We explored the Northern part of Oman on a 7-day self-drive trip. Our itinerary included impressive forts, stunning mosques, and an overnight stay in the desert. We enjoyed cool swim stops in the wadis dotted around the country, spent an evening watching green turtles nesting on the beach and we ate some incredible Omani cuisine. A road trip in Oman was the perfect way to see this country.
Oman is very easy to self-drive as the roads are wide, new and well planned. The roads are not overly busy and locals are considerate drivers. 7 days in Oman is the ideal itinerary to get a good taste of this beautiful country.
Oman is one of the safest countries in the Middle East and you’ll often feel like you have the place to yourself as tourism is still in its infancy here.
Petrol is cheap and public transport isn’t established here yet, so everyone has a car. Unless you are here on an organised small group tour such as this one from G Adventures, then having your own car is key.
Most nationalities can get a 30-day visa on arrival. There is a desk located on the right side, just before you go through immigration at Muscat International Airport.
Visa costs 21 OMR ($54 USD) and can be paid by cash or credit card. You’ll receive a receipt of payment for the visa, you can then proceed through immigration.
There are two ATMs located opposite the visa at the arrivals desk which didn’t charge any fees to make a withdrawal.
Should you hire a 4WD in Oman?
Many people recommended that we hire a 4WD for our road trip in Oman. Yes, they are double the price of a standard 2WD car, however, it really depends on what you’d like to see and do during your time here.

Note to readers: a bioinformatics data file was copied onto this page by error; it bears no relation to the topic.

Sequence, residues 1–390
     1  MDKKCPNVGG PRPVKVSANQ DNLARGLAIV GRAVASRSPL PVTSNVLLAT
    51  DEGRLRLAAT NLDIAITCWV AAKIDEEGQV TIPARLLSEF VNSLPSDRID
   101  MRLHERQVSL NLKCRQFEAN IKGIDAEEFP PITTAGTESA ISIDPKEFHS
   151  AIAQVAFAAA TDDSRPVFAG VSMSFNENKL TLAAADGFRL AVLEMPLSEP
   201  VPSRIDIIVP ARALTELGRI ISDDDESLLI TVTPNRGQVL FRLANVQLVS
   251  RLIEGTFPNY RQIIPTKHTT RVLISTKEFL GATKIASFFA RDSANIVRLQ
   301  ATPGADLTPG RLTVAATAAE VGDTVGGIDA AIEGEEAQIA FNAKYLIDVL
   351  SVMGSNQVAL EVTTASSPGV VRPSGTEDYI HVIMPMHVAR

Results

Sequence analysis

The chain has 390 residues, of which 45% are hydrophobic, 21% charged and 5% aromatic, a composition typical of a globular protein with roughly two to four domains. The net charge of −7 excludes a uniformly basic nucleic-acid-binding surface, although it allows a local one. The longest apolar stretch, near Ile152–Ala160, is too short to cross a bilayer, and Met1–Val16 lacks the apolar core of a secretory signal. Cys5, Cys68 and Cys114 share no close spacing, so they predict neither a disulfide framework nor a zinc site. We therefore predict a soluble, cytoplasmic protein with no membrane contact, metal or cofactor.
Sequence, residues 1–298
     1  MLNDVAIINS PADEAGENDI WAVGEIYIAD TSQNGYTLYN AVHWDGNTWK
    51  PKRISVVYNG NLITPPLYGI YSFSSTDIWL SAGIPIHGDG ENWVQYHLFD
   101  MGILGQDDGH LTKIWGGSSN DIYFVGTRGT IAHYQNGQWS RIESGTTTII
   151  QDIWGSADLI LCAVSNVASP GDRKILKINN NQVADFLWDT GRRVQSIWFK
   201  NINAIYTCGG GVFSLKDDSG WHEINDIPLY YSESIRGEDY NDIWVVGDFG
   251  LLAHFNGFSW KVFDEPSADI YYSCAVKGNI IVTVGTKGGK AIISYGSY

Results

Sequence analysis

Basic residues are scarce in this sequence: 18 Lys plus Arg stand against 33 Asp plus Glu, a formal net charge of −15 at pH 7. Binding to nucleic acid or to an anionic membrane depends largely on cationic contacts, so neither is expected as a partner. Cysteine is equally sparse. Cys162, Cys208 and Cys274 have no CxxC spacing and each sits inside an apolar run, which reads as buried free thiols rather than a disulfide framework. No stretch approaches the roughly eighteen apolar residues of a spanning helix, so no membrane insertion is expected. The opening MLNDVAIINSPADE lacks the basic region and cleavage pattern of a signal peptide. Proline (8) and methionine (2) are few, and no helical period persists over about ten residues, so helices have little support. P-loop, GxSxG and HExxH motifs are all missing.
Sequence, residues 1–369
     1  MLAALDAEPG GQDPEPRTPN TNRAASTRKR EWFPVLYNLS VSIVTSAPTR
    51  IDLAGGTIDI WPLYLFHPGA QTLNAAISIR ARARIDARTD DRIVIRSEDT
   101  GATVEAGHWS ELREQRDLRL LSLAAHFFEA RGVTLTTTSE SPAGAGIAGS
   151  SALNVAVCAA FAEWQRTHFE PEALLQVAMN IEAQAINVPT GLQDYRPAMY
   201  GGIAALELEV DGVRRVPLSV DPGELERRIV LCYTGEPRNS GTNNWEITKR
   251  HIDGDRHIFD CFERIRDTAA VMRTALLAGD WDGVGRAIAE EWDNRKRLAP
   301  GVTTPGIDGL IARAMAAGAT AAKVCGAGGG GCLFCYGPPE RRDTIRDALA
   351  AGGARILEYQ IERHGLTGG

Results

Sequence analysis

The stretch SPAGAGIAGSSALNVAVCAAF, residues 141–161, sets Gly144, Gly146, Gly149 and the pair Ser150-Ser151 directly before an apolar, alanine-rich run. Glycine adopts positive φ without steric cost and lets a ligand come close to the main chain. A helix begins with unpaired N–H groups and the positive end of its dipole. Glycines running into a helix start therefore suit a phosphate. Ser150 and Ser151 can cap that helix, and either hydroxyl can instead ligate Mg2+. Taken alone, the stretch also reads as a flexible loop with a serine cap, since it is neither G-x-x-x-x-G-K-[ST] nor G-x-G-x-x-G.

We wanted the flexibility of taking the car anywhere we pleased, so we decided to spend the extra cash and rent a 4WD vehicle.
There were a few places on our trip where we were glad to have spent the extra money on a 4WD. The road to Jebel Shams was quite steep and there is a 7km unpaved part with loose gravel. It could be done in a 2WD, but the extra power of our 4WD made us feel much safer.
We hired a Toyota Fortuner through Expedia car hire for USD $311 for 6 days from the Dollar office at Muscat airport. We had a limit of 200km a day included in our rental agreement.
Any mileage over this is charged at 6 OMR per 100 km.
You drive on the right in Oman. All roads are very wide and all street signs are posted in English and Arabic. The speed limit is usually 120km/h or 60km/h in urban areas. It’s a good idea to stick to the speed limit as there are many speed cameras set up along highways.
Fuel stations are everywhere and they all have attendants to assist you. You can pay by cash or card. Most will have a shop and some have toilets.
Petrol is cheap—0.22 OMR (0.57 cents) per litre.
Driving to Jebel Shams
Buy a SIM card on arrival or Buy an eSIM
Upon arrival, we bought an Omantel SIM card from the desk at the airport. There are a few different providers to choose from.
We paid 7 OMR ($18). Our Sim card included 2 GB of data (valid for 30 days). We chose a longer plan as we weren’t entirely sure if we’d stay in Oman a little longer, so we paid a few extra rials.
Most sim packs for 7-10 days can be purchased for 5 OMR. Make sure you turn off all your phone apps before you put the sim card in your phone so it doesn’t immediately use up all your data.
The data package is great and we used an app called ‘Waze’ to navigate us around Oman as our Google Maps app wasn’t ideal for directions here, the turn-by-turn function wasn’t good.
Try and download the Waze application before your arrival in Oman. You will certainly utilise it during the next 7 days in Oman.
The current exchange rate is 1 OMR (Omani rial) = USD $2.60. The rial is divided into 1000 baisa.
Many things can be purchased on a card here, however, it’s a good idea to always have some cash with you.
We used an excel spreadsheet to record all of our expenses whilst in Oman.
Our overall expenses in Oman came to a total of USD $998 for two people for 7 days. This includes accommodation, car hire, petrol, food, sights, and miscellaneous items.